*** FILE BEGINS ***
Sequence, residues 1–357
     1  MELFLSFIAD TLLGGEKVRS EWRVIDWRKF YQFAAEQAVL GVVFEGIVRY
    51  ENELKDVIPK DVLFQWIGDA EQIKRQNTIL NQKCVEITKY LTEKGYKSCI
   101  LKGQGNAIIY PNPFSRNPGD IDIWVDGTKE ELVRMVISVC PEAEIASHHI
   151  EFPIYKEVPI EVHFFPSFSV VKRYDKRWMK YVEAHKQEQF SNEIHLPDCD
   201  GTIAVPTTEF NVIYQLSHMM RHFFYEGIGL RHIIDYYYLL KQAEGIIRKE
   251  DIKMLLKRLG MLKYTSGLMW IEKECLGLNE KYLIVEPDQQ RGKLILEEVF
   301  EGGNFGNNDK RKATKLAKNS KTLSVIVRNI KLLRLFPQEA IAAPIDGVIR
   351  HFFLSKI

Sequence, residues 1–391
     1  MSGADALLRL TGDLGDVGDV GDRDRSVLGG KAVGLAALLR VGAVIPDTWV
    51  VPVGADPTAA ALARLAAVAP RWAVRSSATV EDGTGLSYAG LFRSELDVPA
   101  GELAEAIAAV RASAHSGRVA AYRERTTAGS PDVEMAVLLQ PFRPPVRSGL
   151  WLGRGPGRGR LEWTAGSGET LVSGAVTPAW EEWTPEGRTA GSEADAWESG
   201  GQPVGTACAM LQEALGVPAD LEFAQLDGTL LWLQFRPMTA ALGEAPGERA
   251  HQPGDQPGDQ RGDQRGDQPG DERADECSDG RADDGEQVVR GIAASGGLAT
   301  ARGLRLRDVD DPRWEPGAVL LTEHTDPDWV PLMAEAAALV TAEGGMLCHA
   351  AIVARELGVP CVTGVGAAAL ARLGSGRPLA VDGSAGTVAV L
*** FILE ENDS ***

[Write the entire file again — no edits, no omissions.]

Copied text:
Sequence, residues 1–357
     1  MELFLSFIAD TLLGGEKVRS EWRVIDWRKF YQFAAEQAVL GVVFEGIVRY
    51  ENELKDVIPK DVLFQWIGDA EQIKRQNTIL NQKCVEITKY LTEKGYKSCI
   101  LKGQGNAIIY PNPFSRNPGD IDIWVDGTKE ELVRMVISVC PEAEIASHHI
   151  EFPIYKEVPI EVHFFPSFSV VKRYDKRWMK YVEAHKQEQF SNEIHLPDCD
   201  GTIAVPTTEF NVIYQLSHMM RHFFYEGIGL RHIIDYYYLL KQAEGIIRKE
   251  DIKMLLKRLG MLKYTSGLMW IEKECLGLNE KYLIVEPDQQ RGKLILEEVF
   301  EGGNFGNNDK RKATKLAKNS KTLSVIVRNI KLLRLFPQEA IAAPIDGVIR
   351  HFFLSKI

Sequence, residues 1–391
     1  MSGADALLRL TGDLGDVGDV GDRDRSVLGG KAVGLAALLR VGAVIPDTWV
    51  VPVGADPTAA ALARLAAVAP RWAVRSSATV EDGTGLSYAG LFRSELDVPA
   101  GELAEAIAAV RASAHSGRVA AYRERTTAGS PDVEMAVLLQ PFRPPVRSGL
   151  WLGRGPGRGR LEWTAGSGET LVSGAVTPAW EEWTPEGRTA GSEADAWESG
   201  GQPVGTACAM LQEALGVPAD LEFAQLDGTL LWLQFRPMTA ALGEAPGERA
   251  HQPGDQPGDQ RGDQRGDQPG DERADECSDG RADDGEQVVR GIAASGGLAT
   301  ARGLRLRDVD DPRWEPGAVL LTEHTDPDWV PLMAEAAALV TAEGGMLCHA
   351  AIVARELGVP CVTGVGAAAL ARLGSGRPLA VDGSAGTVAV L